But Regis Debray goes
on to explain why he says so and it would have been helpful if Rev Alexander
had referred to the quote in full.
"...The protection of the
population depends on the progressive destruction of the enemy's military
potential. It is relative to the overall balance of forces: the populace will be completely safe when the opposing forces
are completely defeated....... By restricting
itself to the task of protecting civilians or passive self-defence, the
guerrilla unit ceases to be the vanguard of the people as a whole and
deprives itself of a national perspective... By choosing to operate at this level, it may be able to provide protection
for the population for a limited time. But in the long run the opposite is true:
self-defence undermines the security of the civilian population.... limiting oneself to passive defence is to place
oneself in the position of being unable to protect the population and to expose one's own
forces to attrition. On the other hand, to seek for ways to attack the enemy is to put him
on the permanent defensive to exhaust him and prevent him from expanding his activities,
to wrest the initiative from him, and to impede his search operations..."
The point that Regis
Debray sought to make was that a guerrilla movement, facing a vastly superior
force in numbers as well as in arms and resources cannot survive if it
resorts to the passive defence of a section of the people to whose liberation
it is committed. The people will be protected only when the opposing forces
are completely defeated. 'Surprise' and 'freedom of movement' are important
resources for a guerrilla movement intent on keeping its enemy off balance.
The following note on Regis Debray is taken from the
" In the 1960s Regis Debray was a professor of
philosophy at the University of Havana, and a friend of Che
Guevara as a young man in the 1960s. He later wrote a book
Revolution in the Revolution?. This book critiqued the
tactical and strategic doctrines then prevailing among
militant socialist movements in Latin America, and acted as
a handbook for guerrilla warfare. When Guevara was captured
in Bolivia, 1967, Debray (also in Bolivia at the time) was
imprisoned, convicted of having been part of Guevara's
guerrilla group and on November 17 sentenced to 30 years in
prison, but was released in 1970 after an international
campaign for his release which included Jean-Paul Sartre,
André Malraux, Général De Gaulle and Pope Paul VI. He sought
refuge in Chile, where he wrote The Chilean Revolution
(1972) after interviews with Salvador Allende. Debray
returned to France in 1973. Following the election of
Président François Mitterrand, in 1981, he became an adviser
of the Président on foreign affairs. In this capacity he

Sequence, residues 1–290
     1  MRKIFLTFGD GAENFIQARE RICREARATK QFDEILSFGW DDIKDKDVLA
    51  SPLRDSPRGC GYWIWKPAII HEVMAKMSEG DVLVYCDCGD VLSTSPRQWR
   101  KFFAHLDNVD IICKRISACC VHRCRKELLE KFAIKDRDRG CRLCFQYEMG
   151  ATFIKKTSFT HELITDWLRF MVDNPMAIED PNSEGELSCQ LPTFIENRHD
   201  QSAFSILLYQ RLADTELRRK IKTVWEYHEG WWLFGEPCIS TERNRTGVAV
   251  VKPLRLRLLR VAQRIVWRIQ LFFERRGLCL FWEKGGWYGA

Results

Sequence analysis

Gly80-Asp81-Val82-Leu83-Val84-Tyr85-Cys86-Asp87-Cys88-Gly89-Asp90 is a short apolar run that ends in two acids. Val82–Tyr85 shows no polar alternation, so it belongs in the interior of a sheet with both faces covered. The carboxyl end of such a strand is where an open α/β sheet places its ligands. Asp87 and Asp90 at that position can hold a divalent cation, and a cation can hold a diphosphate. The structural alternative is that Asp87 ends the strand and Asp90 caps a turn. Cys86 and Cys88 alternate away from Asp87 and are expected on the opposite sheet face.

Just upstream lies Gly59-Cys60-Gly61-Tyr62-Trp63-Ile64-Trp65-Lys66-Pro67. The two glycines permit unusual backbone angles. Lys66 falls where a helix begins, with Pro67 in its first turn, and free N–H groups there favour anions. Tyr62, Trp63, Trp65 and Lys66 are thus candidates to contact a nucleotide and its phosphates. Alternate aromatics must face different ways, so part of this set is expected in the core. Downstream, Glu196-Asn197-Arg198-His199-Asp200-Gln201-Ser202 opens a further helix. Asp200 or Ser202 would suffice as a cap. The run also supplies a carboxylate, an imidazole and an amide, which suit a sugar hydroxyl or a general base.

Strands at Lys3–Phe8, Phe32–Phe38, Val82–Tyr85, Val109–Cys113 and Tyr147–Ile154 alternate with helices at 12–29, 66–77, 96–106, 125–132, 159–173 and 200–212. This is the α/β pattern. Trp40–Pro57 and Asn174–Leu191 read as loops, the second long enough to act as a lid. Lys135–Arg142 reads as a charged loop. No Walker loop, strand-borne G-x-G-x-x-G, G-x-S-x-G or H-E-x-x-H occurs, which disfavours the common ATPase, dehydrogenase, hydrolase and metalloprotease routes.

developed a policy that sought to increase France's freedom
of action in the world, decrease dependence on the United
States, and promote closeness with the former colonies. "
We ourselves do not dismiss Regis Debray's analysis of the tactical
and strategic doctrines of a guerrilla movement, as reflecting
'moral bankruptcy' or for that matter, as the musings of a
philosopher removed from the reality on the ground. We prefer to regard
Regis Debray's analysis as reflecting the deep insights he had gained by his intimate involvement both with
The second matter to which
we now turn is the matter of the 'human shield'. Revd.B J Alexander says that the
'Bilateral Donors' Report' makes allegations about the use of human shields by
the LTTE. The Donor's Report says that
" the civilian and IDP
population in Vaharai is generally believed to be used by the LTTE as a
human shield against SLAF and Karuna operations.."
A preliminary question arises: 'generally believed' by
whom? Did the Bilateral Donors themselves believe that "the civilian
and IDP population in Vaharai was used by the LTTE as a human shield against
SLAF and Karuna operations"? If they did believe that, why did they not say so?
Was it a matter of diplomacy or a matter of uncertainty?
"The report was
compiled by the embassies of the donor countries in Sri Lanka on the basis
of discussions with field workers, both governmental and non-governmental."
Who were these field
workers? Who were the NGO's who were
involved and which governments funded these NGO's? Again who were the
'governmental' field workers? From which governments did they come from? The
lack of transparency concerning the interests that these 'field workers' (and
those who employed them) sought
to serve should lead us to adopt a cautious approach to the correctness (and
of such reports.
There may also be a need to examine the
strategic interests of the embassies of the donor countries who 'compiled' the
Report. These Bilateral Donors, may want us to believe that they are good Samaritans
concerned simply to advance peace and secure justice. But are they? Or is it
that these 'Bilateral
Donors' are those who have for the past several years effectively
funded Sri Lanka's war
Without foreign aid, Sri Lanka would not have been able to continue its
against the Tamil people - and it may
well have found